FreePBX is used as the face of Asterisk servers so much that it tends to be
taken for granted. But it is more than a pretty, pointy-clicky interface to
Asterisk—it is “a sophisticated PBX Framework that transforms a LAMPA System
(Linux, Apache, MySQL, PHP, Asterisk) into a world class PBX.”
FreePBX began life as AMP, the Asterisk Management Portal. Most users were
introduced to it through [email protected], which evolved into trixbox, and which
still uses FreePBX. FreePBX has matured a lot since its AMP days. Asterisk is
an extremely complex beast, so we must be grateful to those foolish—I mean
brave, determined souls who design graphical management interfaces for it. The
easy way to try out FreePBX is to install a free, prefab Asterisk bundle that
includes FreePBX, such as PBX in a Flash or trixbox CE. If you’re into spending
some money, visit the FreePBX store for a variety of bundles that include hardware.
You may also install it separately on top of your own Asterisk installation,
though this takes a bit more work as you’ll have to install it from source code.
So what do you get after all this toil? You get a modular, customizable Web-based graphical interface for both system administrators and users. The current stable release, the 2.3 series, supports both Asterisk 1.2 and 1.4. The 2.4 release, which is in beta, will also support those, plus Asterisk’s upcoming 1.6 release. (No, it’s not here yet, FreePBX is planning for the future.)
My two favorite features are graceful upgrades, and the module manager. Every
new release includes an upgrade script. It preserves all of your settings and
puts everything in its proper place, and you can upgrade it on a running system
for no downtime. The module manager is a painless way to add modules to get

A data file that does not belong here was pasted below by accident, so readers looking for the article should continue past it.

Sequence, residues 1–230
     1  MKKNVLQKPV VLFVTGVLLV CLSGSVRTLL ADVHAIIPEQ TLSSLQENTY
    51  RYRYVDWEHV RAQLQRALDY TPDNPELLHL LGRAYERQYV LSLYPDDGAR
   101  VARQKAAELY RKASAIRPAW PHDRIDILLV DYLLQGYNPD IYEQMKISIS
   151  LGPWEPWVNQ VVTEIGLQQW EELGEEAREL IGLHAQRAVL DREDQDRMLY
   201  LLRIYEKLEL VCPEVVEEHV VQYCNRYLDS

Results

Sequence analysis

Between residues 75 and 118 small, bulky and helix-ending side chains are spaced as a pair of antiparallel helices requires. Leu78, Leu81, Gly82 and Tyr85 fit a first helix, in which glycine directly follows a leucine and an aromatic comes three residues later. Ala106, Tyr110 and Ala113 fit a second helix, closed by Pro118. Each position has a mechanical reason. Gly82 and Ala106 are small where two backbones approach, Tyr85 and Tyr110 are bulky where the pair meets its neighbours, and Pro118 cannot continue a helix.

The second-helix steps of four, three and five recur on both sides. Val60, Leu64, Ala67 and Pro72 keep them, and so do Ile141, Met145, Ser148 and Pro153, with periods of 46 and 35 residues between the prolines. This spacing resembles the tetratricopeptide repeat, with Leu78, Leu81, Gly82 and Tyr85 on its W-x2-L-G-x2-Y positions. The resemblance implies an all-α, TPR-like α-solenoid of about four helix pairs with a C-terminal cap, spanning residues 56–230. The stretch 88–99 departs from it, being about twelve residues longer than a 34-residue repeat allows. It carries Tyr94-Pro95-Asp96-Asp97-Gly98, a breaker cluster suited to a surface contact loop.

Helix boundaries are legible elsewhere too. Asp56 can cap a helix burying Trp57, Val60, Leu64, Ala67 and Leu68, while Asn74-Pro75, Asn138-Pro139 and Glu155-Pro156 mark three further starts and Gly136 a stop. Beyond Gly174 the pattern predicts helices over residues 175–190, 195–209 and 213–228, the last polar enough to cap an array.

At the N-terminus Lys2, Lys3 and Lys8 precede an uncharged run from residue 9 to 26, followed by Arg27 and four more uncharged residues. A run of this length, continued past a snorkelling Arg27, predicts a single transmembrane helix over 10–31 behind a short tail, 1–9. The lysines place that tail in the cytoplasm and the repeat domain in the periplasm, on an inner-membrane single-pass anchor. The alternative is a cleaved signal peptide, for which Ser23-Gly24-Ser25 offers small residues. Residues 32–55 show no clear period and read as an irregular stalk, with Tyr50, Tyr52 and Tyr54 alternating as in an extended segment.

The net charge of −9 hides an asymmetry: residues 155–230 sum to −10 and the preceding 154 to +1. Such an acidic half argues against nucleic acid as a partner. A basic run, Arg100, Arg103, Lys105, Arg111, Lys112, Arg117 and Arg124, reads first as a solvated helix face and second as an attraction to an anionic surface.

additional functionality—or to remove them.
Recording and reviewing custom voice prompts, and setting up IVRs (Interactive
Voice Response) is easy, as is scheduling various voice prompts for different
times of day and days of the week. Conferencing, ring groups, extensions, follow-me,
and users are all pretty easy to manage. There is a status page that shows system
statistics, such as CPU and memory usage—as well as available disk space,
call data, and server status. Setting up trunks and connecting to service providers
is not bad at all. Entering the relevant information for these tasks is definitely
easier on a single Web form than chasing down all the relevant configuration
FreePBX is task oriented and may write to several different Asterisk configuration
files in carrying out a single task. So if you want to tweak Asterisk configuration
files directly, you’re going to have to know which ones and what to do with
Becoming an iPBX mogul
FreePBX and Asterisk are popular with users who want to build businesses around
them, or add them to an existing line of services. FreePBX is licensed under
GPL2, so anyone with PHP skills can customize and modify it, or at least put
their own branding on it. In fact you could build your entire stack on open
source, free-of-cost software: the operating system, Asterisk, backend databases,
HTTP servers, network and system administration utilities, FreePBX, the works.
Anyone who does go this route should make a point of supporting the great projects
that make this possible—slip them some cash, contribute patches and bug
reports, write some documentation, give them public credit. Don’t just be a
So what sort of people are doing this? It’s quite a mix, from Asterisk hobbyists who turn it into a business, to foresightful IT companies anticipating the changing climate, to various service providers who have to choose between watching their customers evaporate, or stepping up into the 21st century and offering them more.
It’s a good idea to hone both your technical and social skills before launching yourself forth into a new venture. There is all kinds of technical training out there. Yes, it costs money, what do you expect? Everything for free? The fine FreePBX persons are holding a three-day training seminar next month Charleston, South Carolina, February 27–29th. Not only does it cover nearly everything you need to know to implement iPBX systems, it also includes some marketing and business coaching.
The FreePBX folks have a lot of good stuff in the pipeline for future releases:
Hylafax integration, a central registry to warn of duplicate extension numbers,
and even a DUNDI registry to coordinate extension numbers across multiple sites—and
of course many other improvements, refinements, and new features.